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Trust Surgeon receives Landmark Award

Newsdate: 2nd March 2009

Leading Wrightington Wigan and Leigh Surgeon, Mr Aslam Mohammed, was delighted to receive an award in recognition of his invaluable contribution to helping sports men and women, mainly footballers and rugby players, recover faster and permanently from ligament injuries.

Andrew Mackie from Biocomposites pictured left and Surgeon, Aslam Mohammed pictured right
Left to right: Andrew Mackie from Biocomposites and Trust Surgeon, Aslam Mohammed

A Bilok Screw

Mr Mohammed was instrumental, along with other colleagues, in developing the Bilok screw - an innovative device that actually becomes part of the repaired ligament and bone by absorption in the body

This development or similar technique is now used by orthopaedic surgeons all over the world and has replaced the need for direct metal pins and screws to repair ligaments, which often became loose and resulted in the patient requiring further surgery.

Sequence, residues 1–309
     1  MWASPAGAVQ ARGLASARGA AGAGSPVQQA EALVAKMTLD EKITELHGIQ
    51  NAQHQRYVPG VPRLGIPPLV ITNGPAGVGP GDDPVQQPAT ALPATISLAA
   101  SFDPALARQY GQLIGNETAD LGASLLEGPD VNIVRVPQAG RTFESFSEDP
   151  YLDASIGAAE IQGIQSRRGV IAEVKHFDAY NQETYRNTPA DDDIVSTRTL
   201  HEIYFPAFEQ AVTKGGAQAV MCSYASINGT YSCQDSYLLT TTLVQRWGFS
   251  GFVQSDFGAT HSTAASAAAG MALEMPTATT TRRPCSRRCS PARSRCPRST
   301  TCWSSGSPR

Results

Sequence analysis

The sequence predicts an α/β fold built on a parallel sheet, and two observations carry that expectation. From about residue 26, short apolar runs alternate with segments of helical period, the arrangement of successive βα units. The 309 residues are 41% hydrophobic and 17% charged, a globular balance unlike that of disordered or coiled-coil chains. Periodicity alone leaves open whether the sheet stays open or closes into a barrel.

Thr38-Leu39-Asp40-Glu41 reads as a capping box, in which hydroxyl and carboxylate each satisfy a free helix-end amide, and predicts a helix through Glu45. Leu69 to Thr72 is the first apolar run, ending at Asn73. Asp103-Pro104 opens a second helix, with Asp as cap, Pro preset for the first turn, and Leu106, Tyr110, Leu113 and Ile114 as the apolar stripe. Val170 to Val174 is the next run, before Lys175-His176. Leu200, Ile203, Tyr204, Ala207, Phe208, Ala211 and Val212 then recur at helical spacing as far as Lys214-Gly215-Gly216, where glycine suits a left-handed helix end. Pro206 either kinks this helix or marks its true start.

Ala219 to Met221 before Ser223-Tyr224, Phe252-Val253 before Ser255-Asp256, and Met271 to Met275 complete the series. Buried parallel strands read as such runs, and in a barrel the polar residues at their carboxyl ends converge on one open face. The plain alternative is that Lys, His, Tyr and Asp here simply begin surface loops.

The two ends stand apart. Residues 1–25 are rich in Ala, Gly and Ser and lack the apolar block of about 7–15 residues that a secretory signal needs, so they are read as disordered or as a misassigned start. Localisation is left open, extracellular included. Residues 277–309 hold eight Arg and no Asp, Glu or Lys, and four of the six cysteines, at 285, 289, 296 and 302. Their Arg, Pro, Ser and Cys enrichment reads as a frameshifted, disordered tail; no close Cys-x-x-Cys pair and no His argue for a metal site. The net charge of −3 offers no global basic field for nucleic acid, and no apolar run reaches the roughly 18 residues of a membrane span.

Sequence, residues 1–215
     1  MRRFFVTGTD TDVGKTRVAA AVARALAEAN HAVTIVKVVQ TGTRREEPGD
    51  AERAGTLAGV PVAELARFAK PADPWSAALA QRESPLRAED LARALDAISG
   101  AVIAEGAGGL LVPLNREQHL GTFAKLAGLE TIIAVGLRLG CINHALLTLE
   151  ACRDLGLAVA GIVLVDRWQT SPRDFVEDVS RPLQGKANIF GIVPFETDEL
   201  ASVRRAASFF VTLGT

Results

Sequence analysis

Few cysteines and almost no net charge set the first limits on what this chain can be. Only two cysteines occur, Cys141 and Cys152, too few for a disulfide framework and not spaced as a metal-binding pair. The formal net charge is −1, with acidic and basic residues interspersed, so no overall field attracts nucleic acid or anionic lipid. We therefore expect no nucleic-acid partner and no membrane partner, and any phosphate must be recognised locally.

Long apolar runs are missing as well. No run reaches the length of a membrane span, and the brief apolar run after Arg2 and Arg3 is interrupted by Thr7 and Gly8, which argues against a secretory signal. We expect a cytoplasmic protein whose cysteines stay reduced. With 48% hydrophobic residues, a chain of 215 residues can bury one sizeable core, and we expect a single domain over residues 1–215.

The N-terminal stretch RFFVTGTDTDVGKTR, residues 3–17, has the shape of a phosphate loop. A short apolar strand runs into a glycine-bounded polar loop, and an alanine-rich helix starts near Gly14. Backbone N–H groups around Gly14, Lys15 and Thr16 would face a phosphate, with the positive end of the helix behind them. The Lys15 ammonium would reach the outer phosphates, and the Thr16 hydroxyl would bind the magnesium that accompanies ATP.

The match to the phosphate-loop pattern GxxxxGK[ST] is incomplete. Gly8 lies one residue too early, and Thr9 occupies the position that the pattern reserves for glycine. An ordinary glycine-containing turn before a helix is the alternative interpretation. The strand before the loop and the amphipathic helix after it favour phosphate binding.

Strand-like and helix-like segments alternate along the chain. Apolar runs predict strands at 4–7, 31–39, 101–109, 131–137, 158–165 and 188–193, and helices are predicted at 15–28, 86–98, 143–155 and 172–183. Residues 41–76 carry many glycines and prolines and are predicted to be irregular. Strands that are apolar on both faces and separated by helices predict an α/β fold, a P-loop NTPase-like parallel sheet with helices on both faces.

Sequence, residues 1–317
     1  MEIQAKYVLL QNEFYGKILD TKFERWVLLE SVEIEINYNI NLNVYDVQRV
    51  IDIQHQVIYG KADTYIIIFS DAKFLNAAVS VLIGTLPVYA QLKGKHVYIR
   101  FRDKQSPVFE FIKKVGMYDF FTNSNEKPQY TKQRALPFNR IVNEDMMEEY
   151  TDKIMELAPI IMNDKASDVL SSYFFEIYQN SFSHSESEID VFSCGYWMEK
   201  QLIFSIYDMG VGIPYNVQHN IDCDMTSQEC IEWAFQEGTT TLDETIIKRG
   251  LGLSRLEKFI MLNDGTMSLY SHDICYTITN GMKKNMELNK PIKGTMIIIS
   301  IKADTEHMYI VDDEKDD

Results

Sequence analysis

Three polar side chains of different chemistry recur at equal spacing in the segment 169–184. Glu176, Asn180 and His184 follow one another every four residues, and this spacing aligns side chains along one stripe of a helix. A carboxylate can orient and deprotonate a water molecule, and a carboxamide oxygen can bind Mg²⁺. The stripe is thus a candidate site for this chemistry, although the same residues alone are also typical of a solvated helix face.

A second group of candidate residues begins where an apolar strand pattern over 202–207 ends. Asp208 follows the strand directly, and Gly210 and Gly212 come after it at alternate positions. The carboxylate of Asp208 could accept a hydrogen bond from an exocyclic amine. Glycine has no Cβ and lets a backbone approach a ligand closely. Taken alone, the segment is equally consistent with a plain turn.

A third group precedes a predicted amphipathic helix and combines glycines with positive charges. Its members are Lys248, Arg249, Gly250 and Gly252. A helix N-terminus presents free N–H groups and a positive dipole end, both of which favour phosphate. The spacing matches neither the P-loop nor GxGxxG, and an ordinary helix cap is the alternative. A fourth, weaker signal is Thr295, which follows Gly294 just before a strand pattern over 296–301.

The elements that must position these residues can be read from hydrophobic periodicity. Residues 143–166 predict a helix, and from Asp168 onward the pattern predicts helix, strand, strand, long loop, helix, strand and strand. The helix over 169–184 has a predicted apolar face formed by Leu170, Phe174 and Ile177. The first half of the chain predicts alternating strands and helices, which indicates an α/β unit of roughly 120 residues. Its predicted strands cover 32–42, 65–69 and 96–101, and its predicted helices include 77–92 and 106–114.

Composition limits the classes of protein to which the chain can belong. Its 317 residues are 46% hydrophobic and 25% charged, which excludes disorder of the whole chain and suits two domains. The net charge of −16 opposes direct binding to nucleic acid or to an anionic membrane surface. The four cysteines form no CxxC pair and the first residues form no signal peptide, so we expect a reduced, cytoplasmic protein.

Mr Mohammed said: “I am pleased to receive this award and would like to thank Biocomposites for recognising my collaboration in this biological ligament technique.  There is no doubt that this innovative development has aided the quick rehabilitation and recovery of patients and improved the quality of their lives. 

Mr Andrew Mackie, Product Manager at Biocomposites Ltd said: “The Bilok screw represented the world’s first globally marketed calcium composite interference screw for reconstruction of the Anterior Cruciate Ligament (ACL).

The Bilok screw has now become the first to clinically demonstrate, in a peer reviewed journal, absorption and replacement by bone at the implant site.  Biocomposites would like to thank Mr Mohammed for his invaluable contribution towards achieving this unique clinical landmark and a pioneering spirit towards advancing the field of sports medicine”.
An X-Ray view of a Bilok Screw

The presentation of the award highlights a continuing story of medical success at Wrightington Hospital, one of the country’s leading orthopaedic centres, which treats over 60, 000 patients a year and trains surgeons from all over the world.